News of Note

CRA indicates that no TOSI tax applied to a dividend received from the surviving step-mother’s company

Mr. A bequeathed all the common shares of Opco to his surviving spouse, Ms. B, who was actively engaged on a regular, continuous and substantial basis in its business. Opco paid a dividend on the discretionary dividend shares held by Son A, who was the son of Mr. A, but not of Ms. B.

CRA noted that following the death of Mr. A, Son A no longer qualified as Ms. B's child under s. 252(1)(c) . Since she was now unrelated, Ms. B was not a "source individual" in respect of the specified individual (Son A). This, in turn, meant that Opco's business did not constitute a "related business" in respect of Son A , so that Son A could benefit from the "excluded amount" exclusion in s. 120.4(1)(e)(i): no TOSI.

Neal Armstrong. Summary of 11 June 2019 External T.I. 2019-0795291E5 F under s. 120.4(1) – related business.

Income Tax Severed Letters 7 August 2019

This morning's release of three severed letters from the Income Tax Rulings Directorate is now available for your viewing.

Prairielane – Tax Court of Canada finds that a “main reason” for a stacked partnership structure was tax deferral rather than generating SBD tax savings

MacPhee J found that the main tax reason for implementing a stacked partnership structure for holding interests in a farm equipment dealership (prior to the introduction of s. 34.2 to cut off this type of planning) was to defer the recognition of corporate tax rather than to access the small business deduction. He also noted that one of the two taxpayers (PLH) had taxable capital in excess of $15 million, so that at most it could only have generated a SBD for one year before its high taxable capital caught up with it under the applicable lagged calculation, and stated:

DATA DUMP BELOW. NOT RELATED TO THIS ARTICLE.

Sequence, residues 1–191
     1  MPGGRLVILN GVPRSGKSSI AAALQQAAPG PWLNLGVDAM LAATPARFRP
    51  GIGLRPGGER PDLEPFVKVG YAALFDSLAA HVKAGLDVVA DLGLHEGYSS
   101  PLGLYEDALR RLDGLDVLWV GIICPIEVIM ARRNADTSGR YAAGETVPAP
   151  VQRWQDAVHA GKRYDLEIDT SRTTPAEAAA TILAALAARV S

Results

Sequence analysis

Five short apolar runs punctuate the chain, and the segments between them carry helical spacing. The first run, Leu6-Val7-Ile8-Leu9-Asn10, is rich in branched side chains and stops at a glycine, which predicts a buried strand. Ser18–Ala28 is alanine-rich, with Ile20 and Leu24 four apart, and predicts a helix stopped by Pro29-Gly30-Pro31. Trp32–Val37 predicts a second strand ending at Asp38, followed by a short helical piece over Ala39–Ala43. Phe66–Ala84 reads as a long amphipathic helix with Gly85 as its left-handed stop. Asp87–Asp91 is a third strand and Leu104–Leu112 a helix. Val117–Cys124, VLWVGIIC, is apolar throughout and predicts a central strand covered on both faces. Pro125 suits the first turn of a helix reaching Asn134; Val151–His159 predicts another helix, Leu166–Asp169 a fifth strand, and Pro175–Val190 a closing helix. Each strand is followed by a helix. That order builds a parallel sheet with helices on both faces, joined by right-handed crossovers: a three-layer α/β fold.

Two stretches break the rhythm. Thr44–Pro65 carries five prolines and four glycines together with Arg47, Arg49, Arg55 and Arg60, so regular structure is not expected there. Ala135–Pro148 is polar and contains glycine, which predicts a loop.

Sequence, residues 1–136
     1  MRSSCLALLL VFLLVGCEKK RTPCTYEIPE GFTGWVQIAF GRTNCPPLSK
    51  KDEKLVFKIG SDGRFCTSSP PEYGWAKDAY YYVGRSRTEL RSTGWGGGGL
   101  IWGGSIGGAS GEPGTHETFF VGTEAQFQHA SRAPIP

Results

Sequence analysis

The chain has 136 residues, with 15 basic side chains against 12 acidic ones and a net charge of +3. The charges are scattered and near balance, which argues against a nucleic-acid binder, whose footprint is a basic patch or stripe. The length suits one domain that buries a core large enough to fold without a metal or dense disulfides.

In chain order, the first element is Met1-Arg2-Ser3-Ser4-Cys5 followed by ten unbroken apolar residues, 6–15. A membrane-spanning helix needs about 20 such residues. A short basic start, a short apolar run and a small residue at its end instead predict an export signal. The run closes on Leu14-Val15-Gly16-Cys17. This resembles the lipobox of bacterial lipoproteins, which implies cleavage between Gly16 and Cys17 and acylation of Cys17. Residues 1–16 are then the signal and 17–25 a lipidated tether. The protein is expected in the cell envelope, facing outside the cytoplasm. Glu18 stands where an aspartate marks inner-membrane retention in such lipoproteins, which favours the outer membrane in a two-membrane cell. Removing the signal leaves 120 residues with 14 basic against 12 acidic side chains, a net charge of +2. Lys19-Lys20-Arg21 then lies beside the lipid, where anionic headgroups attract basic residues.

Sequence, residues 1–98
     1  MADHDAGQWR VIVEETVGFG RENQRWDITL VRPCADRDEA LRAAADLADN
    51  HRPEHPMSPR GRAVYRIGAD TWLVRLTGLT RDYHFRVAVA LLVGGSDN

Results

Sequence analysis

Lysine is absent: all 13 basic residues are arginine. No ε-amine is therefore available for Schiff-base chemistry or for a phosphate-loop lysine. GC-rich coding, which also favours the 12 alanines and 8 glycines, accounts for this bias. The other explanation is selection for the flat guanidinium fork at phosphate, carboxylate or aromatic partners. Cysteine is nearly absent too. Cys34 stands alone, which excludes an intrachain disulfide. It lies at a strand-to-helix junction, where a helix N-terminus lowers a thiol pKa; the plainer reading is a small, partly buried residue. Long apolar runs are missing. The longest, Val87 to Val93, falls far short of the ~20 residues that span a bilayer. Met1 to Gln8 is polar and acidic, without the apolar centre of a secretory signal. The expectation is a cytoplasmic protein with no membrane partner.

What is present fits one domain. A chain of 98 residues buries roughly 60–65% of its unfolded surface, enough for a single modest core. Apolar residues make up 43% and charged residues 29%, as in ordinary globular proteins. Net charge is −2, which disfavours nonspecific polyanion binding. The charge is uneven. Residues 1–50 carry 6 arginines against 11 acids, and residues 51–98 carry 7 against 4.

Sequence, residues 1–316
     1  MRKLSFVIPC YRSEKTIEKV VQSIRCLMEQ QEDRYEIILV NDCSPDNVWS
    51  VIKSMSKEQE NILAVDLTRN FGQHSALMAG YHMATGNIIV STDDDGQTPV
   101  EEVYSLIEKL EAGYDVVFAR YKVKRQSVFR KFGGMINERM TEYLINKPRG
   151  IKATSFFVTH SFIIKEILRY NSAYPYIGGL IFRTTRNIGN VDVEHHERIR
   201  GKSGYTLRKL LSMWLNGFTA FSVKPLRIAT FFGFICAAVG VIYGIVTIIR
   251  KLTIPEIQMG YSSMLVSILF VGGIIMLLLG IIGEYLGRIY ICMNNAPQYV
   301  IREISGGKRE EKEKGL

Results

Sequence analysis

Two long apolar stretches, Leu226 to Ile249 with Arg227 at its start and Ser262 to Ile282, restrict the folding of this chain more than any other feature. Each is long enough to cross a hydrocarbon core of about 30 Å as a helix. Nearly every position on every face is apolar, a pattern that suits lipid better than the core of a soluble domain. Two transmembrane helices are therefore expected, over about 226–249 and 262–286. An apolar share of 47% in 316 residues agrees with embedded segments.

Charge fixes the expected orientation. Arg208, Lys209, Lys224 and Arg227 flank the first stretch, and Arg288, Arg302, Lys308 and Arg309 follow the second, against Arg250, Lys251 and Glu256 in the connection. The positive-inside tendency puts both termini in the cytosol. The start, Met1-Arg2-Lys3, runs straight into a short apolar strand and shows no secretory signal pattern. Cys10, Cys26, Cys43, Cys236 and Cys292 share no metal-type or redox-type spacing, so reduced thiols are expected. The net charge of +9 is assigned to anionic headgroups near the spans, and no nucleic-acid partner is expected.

PLH would not have as a main reason for the creation of the new corporate structure access to the SBD for one year as the cost of creating the newly created structures, as well as the ongoing costs, far exceeded the SBD obtained in 2011.

Neal Armstrong. Summary of Prairielane Holdings Ltd. v. The Queen, 2019 TCC 157 under s. 256(2.1).

CRA applies s. 75(2) to the 1st generation but not 2nd generation income of a non-qualified purported TFSA trust

A trust lost its status as a TFSA because it borrowed money, but continued to exist for a number of subsequent years because it continued to be administered as though it were a TFSA. What was its treatment during that period?

By ceasing to be a qualifying TFSA, the trust ceased to be excluded from the application of s. 75(2) by s. 75(3)(a). Accordingly, s. 75(2) applied to attribute the income of the trust to the individual, subject to one point. That point was that: